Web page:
Mary K Billingsley
American Academy of Child and Adolescent Psychiatry
Deputy Managing Editor
Tom Lang Communications and Training International
Manager, Journal Production
American Society of Civil Engineers
This session delivered insights and traditional and non-traditional strategies for career development from editorial, production, and freelance perspectives.
Lauren Fischer has worked for the JAMA Network for 17 years—she started as a manuscript editor and has recently been promoted to deputy managing editor. She kicked off her presentation by announcing “There is no game plan!” when it comes to career development. While there may be no game plan, Fischer provided the audience with a number of useful suggestions for career advancement from the more traditional (e.g., join a professional organization, keep up with technology) to the less traditional (e.g., organize happy hour). Three key points from her talk were:
- Learn the hard stuff, and your colleagues will think you’re a genius. “It’s important that you give yourself permission to be the authority on a given emerging topic” (e.g., copyright, conflicts of interest, statistics, ethical issues, legal issues).
- If you’re ever asked in a job interview, “If you have a style question you don’t know the answer to, how would you solve it?” do not answer, “Ask my manager.” Fischer implied she would not consider hiring anyone who gave this answer.
- In work, as in life, it’s important to have a big-picture view. Specifically, it may help to see things from your boss’ perspective. His or her goals are different from yours and anything you can do to help will not go unnoticed.
Rajashree Ranganathan has been with the American Society of Civil Engineers (ASCE) for 10 years and has worked her way from production editor to journals production manager. To excel in the field of production, she acknowledged that a candidate requires certain hard qualifications (e.g., academic qualifications, experience, technical skills), but equally important are the soft skills such as personality, earnestness, and adaptability. While we all know to list our hard skills in our resume, employers are just as interested in our soft skills, which should be highlighted in a carefully worded cover letter.
As communication and collaboration are key to successful journal production, Ranganathan’s team hosts an annual production workshop where all staff members contribute presentations on assigned workflow topics. This gathering leads to better understanding of what colleagues are working on and can even help to improve efficiencies. The workshop is so popular that this year they plan to invite associated departments to discuss editorial issues, such as peer review. Ranganathan concluded her presentation with an image of a tree branch and urged the audience to reach out and grow: “Growth is not always vertical; do not discount lateral growth.”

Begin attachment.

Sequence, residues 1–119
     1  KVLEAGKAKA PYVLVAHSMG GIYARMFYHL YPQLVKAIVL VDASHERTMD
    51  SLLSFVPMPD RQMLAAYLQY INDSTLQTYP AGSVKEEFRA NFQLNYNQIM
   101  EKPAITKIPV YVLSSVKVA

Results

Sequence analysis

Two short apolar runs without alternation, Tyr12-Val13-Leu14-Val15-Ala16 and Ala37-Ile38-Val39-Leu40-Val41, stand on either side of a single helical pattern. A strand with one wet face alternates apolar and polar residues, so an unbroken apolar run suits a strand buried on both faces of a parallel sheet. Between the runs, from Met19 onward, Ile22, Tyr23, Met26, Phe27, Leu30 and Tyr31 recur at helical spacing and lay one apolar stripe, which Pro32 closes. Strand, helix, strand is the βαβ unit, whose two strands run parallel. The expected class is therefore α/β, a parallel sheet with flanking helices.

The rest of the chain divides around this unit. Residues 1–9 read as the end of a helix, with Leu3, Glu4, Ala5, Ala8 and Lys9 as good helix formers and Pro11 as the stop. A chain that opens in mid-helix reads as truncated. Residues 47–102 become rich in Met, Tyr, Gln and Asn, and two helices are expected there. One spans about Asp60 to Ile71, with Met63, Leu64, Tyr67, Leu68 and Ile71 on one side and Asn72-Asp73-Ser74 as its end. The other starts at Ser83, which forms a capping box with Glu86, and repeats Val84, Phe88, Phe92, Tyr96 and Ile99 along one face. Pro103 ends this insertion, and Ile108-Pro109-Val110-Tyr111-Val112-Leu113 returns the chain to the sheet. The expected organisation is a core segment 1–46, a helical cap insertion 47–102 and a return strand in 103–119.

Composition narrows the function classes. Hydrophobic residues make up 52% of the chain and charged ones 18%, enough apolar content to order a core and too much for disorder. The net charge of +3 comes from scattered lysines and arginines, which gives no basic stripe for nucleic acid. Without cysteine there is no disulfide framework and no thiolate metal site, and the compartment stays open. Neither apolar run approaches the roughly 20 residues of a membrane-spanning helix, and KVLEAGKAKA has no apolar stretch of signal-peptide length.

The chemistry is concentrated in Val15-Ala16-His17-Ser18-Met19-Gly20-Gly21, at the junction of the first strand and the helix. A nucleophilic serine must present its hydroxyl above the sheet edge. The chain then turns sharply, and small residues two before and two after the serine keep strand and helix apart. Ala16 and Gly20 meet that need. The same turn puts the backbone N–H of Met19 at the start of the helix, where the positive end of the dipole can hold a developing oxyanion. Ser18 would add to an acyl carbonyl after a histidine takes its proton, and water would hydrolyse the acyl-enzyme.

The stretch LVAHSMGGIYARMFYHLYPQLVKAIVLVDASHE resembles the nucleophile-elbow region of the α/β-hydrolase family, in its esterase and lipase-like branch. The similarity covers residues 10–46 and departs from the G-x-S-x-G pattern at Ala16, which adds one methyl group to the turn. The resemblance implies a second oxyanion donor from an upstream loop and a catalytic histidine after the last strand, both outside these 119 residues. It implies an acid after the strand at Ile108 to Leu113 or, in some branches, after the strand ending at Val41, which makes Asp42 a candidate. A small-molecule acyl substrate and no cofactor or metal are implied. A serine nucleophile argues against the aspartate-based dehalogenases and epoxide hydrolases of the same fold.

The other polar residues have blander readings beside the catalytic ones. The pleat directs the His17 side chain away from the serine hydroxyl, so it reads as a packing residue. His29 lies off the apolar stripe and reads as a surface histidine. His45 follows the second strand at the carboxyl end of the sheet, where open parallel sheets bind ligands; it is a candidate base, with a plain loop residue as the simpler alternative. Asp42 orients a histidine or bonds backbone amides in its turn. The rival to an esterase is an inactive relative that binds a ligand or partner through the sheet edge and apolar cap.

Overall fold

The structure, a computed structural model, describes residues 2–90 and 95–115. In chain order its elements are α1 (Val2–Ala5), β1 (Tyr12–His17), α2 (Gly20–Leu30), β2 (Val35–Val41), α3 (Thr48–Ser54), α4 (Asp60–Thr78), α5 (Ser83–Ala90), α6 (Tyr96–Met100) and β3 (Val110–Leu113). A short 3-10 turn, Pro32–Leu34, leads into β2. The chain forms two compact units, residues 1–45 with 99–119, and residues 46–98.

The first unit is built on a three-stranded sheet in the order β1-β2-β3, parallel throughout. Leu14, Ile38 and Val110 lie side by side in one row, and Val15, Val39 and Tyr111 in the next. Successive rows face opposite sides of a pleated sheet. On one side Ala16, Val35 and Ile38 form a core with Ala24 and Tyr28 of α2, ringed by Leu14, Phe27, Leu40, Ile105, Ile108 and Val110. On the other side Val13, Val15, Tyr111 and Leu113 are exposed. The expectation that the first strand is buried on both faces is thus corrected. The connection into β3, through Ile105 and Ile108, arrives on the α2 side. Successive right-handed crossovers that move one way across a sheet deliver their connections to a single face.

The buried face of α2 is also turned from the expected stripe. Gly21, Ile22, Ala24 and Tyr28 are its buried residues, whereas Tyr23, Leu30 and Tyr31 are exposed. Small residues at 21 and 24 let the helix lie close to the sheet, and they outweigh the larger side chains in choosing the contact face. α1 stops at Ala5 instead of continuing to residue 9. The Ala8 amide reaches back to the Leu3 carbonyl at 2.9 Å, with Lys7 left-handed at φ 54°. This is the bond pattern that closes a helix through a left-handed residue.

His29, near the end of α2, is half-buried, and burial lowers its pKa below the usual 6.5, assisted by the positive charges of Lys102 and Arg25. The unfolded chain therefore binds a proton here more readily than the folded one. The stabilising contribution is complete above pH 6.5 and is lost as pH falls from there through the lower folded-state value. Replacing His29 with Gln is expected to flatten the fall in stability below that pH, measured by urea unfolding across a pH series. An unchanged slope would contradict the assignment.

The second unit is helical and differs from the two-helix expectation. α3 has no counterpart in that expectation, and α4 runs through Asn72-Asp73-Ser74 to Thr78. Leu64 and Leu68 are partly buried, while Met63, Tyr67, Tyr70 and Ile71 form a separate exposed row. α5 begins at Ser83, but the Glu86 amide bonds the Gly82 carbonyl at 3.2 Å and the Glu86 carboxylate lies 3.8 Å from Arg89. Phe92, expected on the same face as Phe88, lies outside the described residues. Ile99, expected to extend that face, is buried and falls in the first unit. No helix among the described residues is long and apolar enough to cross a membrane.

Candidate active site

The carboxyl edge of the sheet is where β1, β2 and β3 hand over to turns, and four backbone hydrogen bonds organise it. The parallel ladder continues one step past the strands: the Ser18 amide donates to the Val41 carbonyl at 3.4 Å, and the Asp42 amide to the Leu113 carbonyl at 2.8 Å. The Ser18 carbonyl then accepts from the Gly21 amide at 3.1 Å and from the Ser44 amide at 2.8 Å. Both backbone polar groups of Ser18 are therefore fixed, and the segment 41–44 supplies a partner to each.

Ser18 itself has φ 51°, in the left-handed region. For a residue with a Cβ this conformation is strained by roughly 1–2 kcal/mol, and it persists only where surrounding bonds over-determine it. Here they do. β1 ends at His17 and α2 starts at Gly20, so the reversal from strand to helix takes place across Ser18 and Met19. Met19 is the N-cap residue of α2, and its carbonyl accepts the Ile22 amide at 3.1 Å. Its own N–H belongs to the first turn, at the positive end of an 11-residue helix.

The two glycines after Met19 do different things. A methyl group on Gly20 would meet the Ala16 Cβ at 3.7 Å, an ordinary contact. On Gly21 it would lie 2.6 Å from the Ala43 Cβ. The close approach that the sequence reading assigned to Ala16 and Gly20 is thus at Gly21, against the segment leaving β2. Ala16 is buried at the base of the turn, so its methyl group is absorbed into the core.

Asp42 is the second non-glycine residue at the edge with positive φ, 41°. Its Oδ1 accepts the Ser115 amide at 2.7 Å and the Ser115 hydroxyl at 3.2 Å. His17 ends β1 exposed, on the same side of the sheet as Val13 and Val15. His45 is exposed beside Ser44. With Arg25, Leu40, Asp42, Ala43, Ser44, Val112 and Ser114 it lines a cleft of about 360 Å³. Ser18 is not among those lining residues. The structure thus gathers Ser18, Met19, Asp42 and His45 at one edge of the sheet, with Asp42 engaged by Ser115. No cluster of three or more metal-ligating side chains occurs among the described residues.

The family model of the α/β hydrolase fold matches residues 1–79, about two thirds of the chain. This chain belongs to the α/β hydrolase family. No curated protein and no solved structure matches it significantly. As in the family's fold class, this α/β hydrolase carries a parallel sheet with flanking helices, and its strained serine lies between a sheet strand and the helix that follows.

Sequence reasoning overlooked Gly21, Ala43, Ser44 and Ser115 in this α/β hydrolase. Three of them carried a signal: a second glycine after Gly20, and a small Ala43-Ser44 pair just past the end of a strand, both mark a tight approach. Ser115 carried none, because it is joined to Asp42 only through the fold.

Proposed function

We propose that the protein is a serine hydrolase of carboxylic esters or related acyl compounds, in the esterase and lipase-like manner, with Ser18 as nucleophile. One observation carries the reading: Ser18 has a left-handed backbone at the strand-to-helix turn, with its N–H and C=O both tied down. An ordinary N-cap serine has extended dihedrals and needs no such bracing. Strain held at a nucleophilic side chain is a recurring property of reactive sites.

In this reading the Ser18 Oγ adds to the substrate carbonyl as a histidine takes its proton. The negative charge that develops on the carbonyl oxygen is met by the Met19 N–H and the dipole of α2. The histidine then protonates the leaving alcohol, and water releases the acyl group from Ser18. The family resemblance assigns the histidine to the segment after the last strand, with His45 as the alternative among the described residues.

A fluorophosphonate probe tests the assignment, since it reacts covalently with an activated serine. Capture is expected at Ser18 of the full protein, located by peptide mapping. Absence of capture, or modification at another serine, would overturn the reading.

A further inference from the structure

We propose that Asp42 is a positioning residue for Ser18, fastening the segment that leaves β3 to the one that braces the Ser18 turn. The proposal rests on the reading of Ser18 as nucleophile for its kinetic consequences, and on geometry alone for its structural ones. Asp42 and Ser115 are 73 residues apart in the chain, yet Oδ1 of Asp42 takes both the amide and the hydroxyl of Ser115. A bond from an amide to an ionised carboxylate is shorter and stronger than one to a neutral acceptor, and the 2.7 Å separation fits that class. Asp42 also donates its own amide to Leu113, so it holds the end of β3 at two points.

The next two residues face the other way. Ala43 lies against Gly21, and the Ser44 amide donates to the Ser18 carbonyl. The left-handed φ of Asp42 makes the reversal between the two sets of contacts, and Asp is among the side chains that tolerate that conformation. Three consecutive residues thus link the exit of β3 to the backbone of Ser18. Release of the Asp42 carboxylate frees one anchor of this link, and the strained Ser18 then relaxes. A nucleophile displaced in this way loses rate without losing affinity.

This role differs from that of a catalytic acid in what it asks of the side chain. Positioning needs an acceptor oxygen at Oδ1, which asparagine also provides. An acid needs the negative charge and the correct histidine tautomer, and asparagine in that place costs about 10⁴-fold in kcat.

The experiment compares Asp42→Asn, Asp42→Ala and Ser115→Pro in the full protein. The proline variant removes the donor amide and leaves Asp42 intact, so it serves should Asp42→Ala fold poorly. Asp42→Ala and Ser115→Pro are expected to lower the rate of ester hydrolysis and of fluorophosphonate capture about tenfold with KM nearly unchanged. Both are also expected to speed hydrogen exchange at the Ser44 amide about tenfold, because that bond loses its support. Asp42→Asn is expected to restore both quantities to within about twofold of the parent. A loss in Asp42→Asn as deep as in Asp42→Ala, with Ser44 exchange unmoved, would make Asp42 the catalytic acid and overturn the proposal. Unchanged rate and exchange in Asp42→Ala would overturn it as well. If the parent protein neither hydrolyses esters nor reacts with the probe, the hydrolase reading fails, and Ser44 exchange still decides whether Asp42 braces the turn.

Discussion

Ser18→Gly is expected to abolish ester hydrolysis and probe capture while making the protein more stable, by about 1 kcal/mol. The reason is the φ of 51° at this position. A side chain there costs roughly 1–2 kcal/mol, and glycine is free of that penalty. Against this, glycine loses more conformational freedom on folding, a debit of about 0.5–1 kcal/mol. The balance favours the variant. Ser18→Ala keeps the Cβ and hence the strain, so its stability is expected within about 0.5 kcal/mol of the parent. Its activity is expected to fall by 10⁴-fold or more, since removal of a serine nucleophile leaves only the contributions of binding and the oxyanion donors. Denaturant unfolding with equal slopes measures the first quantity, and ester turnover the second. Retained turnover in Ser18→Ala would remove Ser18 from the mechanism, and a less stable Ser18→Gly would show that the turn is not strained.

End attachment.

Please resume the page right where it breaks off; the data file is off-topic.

While Fischer and Ranganathan addressed insights and strategies for career development in a large, structured work environment, Tom Lang was invited to discuss career development when you’re “on your own.” For the past 17 years, he has been principal, Tom Lang Communications and Training International. Those of you who work for medical journals may be familiar with his book, How to Report Statistics in Medicine. Lang echoed the sentiment of the earlier presentations that it is important to let yourself evolve: “Instead of looking for specific career advice, consider developing qualities that will prepare you to take advantages of opportunities as they arise,” he said. As an independent consultant, Lang provided some useful tips for marketing oneself:
- What you call yourself makes a difference; who makes more money, freelancers or consultants?
- You’re not in the writing and editing business. You’re in the “make-the-client-look-and-feel-good” business.
- Stay current.
- Network, network, network.
- Underpromise and overdeliver.
He reminded us all of what we know to be true of all consumers: “Clients only buy two things: Solutions to problems and good feelings.”
Moderator Mary K Billingsley opened the floor to questions, and the audience all seemed to be asking the same thing:
- My team is constantly pressed for time. How do you make time for professional development?
- My organization does not really value development. How can I push the leadership team to make it more of a priority?
In response, the speakers sympathized with this common predicament (lack of time or support). Fischer and Ranganathan noted that development does not have to require as much time as you might think and an initial investment in professional growth serves well in the long run. Lang suggested employees find a way to pitch the development opportunity to their employers as either a solution to a problem or a good feeling. Billingsley reminded the audience it is important for employees to demonstrate return on investment. For example, be sure to tell your employer all of the great things you learned at this CSE annual meeting!